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  1. Intel is currently in the midst of an existential crisis. The company is trying hard to redeem their sales; on the other hand, they are committing the same mistakes that led them to their current state. Not to mention, the products, especially their 10th generation of CPU lineup is confusing. The 10th generation originally was supposed to be their formal shift towards the new 10nm manufacturing node. However, they released the 14nm processors alongside the 10nm counterparts, and a typical consumer can’t differentiate between the two. Now, to further aggravate the problem, they have announced the “lowest end” Pentium and Celeron processors fabricated under the 14nm process. Anandtech spotted these chips and reports that these are likely binned chips since these do no fulfill Intel’s hierarchy criteria. Being U series processors, these are intended for mobile use only. Realistically speaking, we highly doubt their availability in Chromebooks, let alone Windows machines. The Celeron 5205U CPU comes with a dual-core processor without hyperthreading. It means users will only be getting two threads, and it will significantly limit the multitasking capabilities. It has a base clock speed of 1.9GHz and only 2MB of L3 cache. The boost clock speeds are not quoted here since the Pentium and Celeron processors do not support Intel’s turbo boost technology. The most crucial factor is the use of the PCIe Gen 2.0 interface, while the competition has shifted all of its lineups to the current PCIe 4.0 interface. It only supports DDR4 memory up to 2400MHz, so memory overclocking is out of the question. Lastly, the processor will hit your wallet at $107, in a world where a quad-core Ryzen 3 3200G costs only $99. The standing of the Celeron 5205U at $107 is questionable. The Pentium Gold 6405U supports hyperthreading on both of its cores. Everything else except the base clock speed, which is 2.4GHz in this case, is the same as what you will get from the Celeron 5205U processor. The processor has an MSRP of $161, which is again at the higher side. Source: Pentium 6405U And Celeron 5205U Announced, Budget Spectrum of the 10th Gen Intel Processors (via Appuals)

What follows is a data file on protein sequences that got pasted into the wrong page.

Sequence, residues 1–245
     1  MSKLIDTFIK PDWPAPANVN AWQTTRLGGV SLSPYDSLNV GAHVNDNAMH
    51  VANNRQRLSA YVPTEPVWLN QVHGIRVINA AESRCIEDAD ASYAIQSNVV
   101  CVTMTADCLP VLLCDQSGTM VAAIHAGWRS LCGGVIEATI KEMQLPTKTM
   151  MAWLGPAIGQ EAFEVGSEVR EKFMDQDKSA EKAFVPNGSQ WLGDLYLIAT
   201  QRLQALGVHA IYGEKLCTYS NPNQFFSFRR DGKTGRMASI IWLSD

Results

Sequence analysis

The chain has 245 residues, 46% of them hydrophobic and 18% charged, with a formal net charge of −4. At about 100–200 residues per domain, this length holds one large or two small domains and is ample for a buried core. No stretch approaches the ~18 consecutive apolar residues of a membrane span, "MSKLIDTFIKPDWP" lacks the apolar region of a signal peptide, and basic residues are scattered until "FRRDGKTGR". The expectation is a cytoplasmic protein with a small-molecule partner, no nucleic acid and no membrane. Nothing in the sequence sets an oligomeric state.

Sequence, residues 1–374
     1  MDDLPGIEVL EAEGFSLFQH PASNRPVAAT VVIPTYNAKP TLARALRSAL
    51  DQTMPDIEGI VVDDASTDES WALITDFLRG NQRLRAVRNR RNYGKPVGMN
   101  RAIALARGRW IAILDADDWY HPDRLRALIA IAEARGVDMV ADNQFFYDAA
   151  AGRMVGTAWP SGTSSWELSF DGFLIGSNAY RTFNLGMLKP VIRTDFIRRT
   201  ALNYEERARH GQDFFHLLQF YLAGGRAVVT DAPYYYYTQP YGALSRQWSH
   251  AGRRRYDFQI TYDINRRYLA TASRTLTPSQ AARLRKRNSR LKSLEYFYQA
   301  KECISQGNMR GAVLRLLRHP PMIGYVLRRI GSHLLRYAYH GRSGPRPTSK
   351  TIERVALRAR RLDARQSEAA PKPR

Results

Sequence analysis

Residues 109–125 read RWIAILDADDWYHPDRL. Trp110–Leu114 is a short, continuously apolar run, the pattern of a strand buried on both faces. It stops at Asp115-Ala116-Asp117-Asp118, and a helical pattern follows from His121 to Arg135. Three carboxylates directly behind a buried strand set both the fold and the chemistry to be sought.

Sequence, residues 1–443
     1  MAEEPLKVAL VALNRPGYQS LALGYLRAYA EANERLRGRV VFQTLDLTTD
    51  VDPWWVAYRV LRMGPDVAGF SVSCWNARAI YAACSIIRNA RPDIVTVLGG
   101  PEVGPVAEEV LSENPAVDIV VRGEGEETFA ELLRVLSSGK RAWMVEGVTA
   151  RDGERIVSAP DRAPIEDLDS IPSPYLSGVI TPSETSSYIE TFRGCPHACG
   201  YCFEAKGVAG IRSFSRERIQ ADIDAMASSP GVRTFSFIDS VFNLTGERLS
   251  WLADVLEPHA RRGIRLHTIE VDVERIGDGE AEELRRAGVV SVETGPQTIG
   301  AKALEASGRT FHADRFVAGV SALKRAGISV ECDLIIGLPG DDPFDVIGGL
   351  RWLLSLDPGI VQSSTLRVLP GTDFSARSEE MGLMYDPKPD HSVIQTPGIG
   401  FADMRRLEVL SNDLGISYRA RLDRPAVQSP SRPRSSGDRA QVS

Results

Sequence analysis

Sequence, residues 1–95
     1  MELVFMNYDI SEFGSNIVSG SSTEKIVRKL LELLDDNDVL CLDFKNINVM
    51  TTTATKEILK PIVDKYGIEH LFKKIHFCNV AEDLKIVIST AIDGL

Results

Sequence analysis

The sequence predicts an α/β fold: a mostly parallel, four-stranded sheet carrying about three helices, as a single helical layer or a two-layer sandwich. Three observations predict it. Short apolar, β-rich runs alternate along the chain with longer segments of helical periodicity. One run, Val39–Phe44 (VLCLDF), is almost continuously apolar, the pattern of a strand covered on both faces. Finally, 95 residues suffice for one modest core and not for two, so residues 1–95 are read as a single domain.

2. Last week Intel announced it was drastically cutting the price of its high-end desktop 'Cascade Lake-X' processors and today it has officially launched both them and its Xeon W-2200 range. I spoke to Intel's Client Compute Group Specialist, Jeff Kilford ahead of today's launch and there are a few extra details about the new processors we haven't yet heard so I've detailed those and the rest of the information below on Intel's Answer to AMD's Ryzen 9 3950X and 3rd Gen Threadripper. To start with are the details you may not have known. Unconfirmed till today was that the new CPUs will continue to use STIM - Intel's thermal interface solder. This was probably expected, but that's been confirmed. The CPUs launching today also sport two hardware and three software/microcode vulnerability mitigations that relate to recent security concerns. Intel has released details of its Core X-series Cascade Lake-X CPUs The new X-series CPUs are now fully supported in Intel's Performance Maximizer automatic overclocking software - something that's been limited to just K-series 9th Generation CPUs till now. Intel's Xeon W-2200 series CPUs The new Xeon W-2200 processors will offer core counts up to 18 and a peak boost frequency of 4.8GHz for the top three CPUs using Turbo Boost Max 3.0 as well as support for 1TB RAM. Both ranges offer more PCI-E 3.0 Express lanes too, at 48 compared to 44 for previous generations, although this is still lower than AMD's 64 PCI-E lanes on its X399 platform. Intel's Core S-series processors Intel also revealed the latest pricing movements to its Core S-series CPUs, which exclude onboard graphics. It has also stated it will be committing these processors to its long term road map. Intel's Core X-series is due to hit the shelves next month and I'll be reviewing them here on Forbes. Follow me here on Forbes. Source